The Duquesne Incline

The Duquesne

The hills around Pittsburgh were once lined with inclines, also known as inclined planes or funiculars, of various sizes and shapes. These were, in many cases, the most convenient way to get from the top of the surrounding hills to the city flats below, and then back up again. There were inclines for pedestrian traffic, wagons and vehicles, and some larger ones for coal and heavy freight.

The Duquesne Incline, which opened on May 20, 1877, scales the slopes of Coal Hill, more commonly known as Mount Washington, from a lower boarding station located along Carson Street to an upper platform on Grandview Avenue in Duquesne Heights.

Duquesne Incline Plane Company Stock Certificate

Designed by Samuel Deischer, the incline was built on property formerly occupied by the Kirk-Lewis Coal Lift. Construction was financed with Duquesne Inclined Plane Company stock certificates totalling $47,000. The track, gauged at an unusual five feet, is 800 feet long, 400 feet in height, and is inclined at a 30-degree angle.

The original passenger cars were in use from 1877 to 1889. These were then replaced with the cars that are, remarkably, still in use today. Built by the J. G. Brill Company in Philadelphia, the interior of each incline car is very ornate, with hand-carved cherry panels trimmed with oak and birdseye maple.

The Duquesne Incline 1880
A drawing of the Duquesne Incline as it appeared in 1880.

The Duquesne Incline gave the workers of the growing hilltop community of Union Borough, later renamed Duquesne Heights, easy access to downtown Pittsburgh, where employers like Andrew Carnegie’s Painter’s Steel Mill, the Clinton Iron Furnace and other industries stood on the southern shore of the Monongahela River.

Prior to the opening of the incline, the workers often walked a mile long path along the Mount Washington hillside called the Indian Trail. In 1909 the city constructed the “Indian Trail Steps” along that route. These steps were, for many years, a valuable alternative for factory workers who could not afford the five cent fare to ride the incline.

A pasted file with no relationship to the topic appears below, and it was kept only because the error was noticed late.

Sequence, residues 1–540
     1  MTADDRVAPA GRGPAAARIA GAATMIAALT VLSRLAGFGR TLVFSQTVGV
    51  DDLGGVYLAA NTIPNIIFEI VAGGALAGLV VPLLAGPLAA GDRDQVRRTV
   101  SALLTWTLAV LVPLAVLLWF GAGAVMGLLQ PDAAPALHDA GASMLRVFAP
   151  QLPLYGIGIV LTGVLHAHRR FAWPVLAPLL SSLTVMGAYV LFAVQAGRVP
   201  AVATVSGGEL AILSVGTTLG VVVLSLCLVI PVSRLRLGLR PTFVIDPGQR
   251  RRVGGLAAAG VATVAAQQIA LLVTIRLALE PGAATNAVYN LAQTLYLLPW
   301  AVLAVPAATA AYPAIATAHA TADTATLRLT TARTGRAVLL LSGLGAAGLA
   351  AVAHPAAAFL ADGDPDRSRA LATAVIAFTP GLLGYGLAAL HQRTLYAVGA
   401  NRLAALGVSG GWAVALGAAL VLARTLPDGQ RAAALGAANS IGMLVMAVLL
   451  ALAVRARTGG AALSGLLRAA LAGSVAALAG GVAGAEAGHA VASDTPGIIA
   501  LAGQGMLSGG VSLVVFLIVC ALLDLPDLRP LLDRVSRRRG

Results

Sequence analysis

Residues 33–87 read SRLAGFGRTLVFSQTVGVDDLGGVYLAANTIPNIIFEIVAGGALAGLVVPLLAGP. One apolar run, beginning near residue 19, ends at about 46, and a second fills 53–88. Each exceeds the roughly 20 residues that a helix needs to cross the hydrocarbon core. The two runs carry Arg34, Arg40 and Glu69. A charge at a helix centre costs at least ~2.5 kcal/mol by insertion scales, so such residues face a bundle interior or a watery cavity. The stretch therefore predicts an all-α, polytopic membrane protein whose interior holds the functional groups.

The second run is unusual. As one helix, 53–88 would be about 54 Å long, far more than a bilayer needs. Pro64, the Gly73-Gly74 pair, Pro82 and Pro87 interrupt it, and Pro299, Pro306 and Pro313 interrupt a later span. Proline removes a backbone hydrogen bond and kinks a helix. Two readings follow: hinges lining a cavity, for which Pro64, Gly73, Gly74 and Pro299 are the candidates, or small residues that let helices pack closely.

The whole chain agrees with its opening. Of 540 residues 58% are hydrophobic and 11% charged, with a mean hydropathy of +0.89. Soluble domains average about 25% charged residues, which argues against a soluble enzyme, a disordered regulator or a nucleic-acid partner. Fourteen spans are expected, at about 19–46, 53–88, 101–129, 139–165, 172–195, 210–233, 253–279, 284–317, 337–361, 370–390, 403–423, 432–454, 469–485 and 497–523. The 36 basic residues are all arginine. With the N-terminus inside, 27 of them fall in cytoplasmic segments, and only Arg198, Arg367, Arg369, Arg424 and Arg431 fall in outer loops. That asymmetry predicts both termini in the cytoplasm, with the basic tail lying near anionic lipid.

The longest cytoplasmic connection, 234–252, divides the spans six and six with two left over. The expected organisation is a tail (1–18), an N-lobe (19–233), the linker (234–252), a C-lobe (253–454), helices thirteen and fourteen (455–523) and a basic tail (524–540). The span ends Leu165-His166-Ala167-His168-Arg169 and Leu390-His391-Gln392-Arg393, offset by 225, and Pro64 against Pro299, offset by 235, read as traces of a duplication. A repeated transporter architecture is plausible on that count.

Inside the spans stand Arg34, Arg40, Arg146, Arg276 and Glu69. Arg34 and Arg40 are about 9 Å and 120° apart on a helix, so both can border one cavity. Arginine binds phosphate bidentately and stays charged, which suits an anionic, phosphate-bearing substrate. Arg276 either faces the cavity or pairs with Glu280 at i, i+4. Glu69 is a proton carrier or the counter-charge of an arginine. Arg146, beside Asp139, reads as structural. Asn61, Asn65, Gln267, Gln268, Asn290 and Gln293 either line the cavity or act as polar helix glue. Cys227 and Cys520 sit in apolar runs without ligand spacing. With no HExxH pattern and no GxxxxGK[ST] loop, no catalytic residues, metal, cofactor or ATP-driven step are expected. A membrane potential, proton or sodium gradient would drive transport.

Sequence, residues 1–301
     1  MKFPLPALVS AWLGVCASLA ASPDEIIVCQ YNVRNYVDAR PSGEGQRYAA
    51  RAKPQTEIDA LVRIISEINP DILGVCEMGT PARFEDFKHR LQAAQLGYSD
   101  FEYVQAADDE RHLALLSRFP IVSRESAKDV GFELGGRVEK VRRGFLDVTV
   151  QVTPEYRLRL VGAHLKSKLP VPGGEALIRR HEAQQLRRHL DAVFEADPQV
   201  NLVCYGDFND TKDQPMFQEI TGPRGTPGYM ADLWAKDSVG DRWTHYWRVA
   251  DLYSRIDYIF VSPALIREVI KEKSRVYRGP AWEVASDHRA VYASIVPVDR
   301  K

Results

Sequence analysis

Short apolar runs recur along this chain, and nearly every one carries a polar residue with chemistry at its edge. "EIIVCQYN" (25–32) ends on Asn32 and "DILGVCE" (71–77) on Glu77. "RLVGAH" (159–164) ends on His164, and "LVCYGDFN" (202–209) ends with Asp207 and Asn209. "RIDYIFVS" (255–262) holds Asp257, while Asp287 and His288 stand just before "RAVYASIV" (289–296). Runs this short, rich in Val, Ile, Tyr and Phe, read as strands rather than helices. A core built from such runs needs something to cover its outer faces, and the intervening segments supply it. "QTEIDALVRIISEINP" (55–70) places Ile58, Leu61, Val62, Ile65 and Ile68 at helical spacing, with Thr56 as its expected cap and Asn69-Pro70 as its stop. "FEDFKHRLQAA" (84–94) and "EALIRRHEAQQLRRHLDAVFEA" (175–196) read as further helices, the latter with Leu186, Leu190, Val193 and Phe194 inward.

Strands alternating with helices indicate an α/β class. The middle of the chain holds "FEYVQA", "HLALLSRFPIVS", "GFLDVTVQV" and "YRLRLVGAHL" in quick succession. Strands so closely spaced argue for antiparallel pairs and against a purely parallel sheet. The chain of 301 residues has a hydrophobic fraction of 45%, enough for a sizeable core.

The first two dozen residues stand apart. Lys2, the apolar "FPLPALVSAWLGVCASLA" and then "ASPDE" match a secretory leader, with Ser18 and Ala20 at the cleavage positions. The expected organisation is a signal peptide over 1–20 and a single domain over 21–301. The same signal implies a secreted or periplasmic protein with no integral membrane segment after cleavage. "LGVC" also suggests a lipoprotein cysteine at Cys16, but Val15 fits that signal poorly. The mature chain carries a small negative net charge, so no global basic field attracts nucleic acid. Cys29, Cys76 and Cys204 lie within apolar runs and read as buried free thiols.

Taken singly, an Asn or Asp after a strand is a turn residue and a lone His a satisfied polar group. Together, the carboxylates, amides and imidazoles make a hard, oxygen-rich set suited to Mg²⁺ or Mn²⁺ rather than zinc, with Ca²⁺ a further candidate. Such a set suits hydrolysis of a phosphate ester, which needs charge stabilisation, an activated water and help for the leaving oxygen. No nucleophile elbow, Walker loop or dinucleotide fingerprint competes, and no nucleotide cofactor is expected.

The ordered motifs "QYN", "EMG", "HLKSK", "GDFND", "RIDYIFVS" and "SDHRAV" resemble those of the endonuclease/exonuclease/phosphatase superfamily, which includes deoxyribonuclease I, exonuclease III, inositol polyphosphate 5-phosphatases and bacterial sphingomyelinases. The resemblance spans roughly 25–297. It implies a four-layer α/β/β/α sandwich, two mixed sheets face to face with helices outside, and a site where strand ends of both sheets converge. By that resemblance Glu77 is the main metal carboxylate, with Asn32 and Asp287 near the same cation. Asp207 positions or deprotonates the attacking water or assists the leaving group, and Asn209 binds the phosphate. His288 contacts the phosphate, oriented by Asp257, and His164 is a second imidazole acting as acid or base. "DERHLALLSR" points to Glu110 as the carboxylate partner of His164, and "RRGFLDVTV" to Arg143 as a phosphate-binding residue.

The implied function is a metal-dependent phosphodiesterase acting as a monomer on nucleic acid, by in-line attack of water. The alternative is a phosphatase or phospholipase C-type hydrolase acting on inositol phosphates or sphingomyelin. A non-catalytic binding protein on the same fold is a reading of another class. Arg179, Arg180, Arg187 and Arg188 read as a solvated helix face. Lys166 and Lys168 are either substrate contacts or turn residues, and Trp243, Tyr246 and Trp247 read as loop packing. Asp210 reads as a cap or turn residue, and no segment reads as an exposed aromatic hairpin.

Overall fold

The Duquesne Incline 1880
The Duquesne Incline in 1900.

The Duquesne Incline’s power system was renovated in 1932, with the steam engine removed and replaced by an electrical system. Forty years later, in 1972, the electrical equipment was upgraded. The Duquesne Inclined Plane Company was in operation from 1877 until 1962, when it was force to close due to financial hardship.

Cartoons by Post-Gazette artist Cy Hungerford.
Cartoons by Post-Gazette artist Cy Hungerford that ran in the November 21, 1962 newspaper (left) and
in the July 1, 1963 edition marking the sad closing and joyous reopening of the Duquesne Incline.

The Society for the Preservation of the Duquesne Heights Incline was established to help preserve the historic structure. The incline reopened for business on July 1, 1963. The Society worked diligently to carefully restore and then continually maintain the Duquesne Incline, keeping the vintage funicular in as close to its original condition as possible.

The Duquesne Incline rises along the slopes
of Mount Washington to Duquesne Heights.
The fully-restored Duquesne Incline rises towards the homes along Grandview Avenue in Duquesne Heights.

Today, both the Duquesne Incline and the nearby Monongahela Incline, also located along Grandview Avenue in Mount Washington, are the only two 19th century inclines remaining in the city of Pittsburgh. They serve as working historic landmarks that continue to fill their original purpose of providing daily transportation to commuters traveling to and from downtown Pittsburgh, just as they did over 140 years ago.

The Duquesne Incline

In addition to serving their purpose as a valuable part of the Pittsburgh commuter system, the city's vintage inclines have become major tourist attractions, bringing people from around the world to see the spectacular view of downtown Pittsburgh and the three rivers. A ride on the Duquesne Incline is one that anyone with an admiration for a unique blend of historic architecture and the magnificent beauty of Pittsburgh's Golden Triangle will never forget.

The Duquesne
 Incline           The Duquesne Incline

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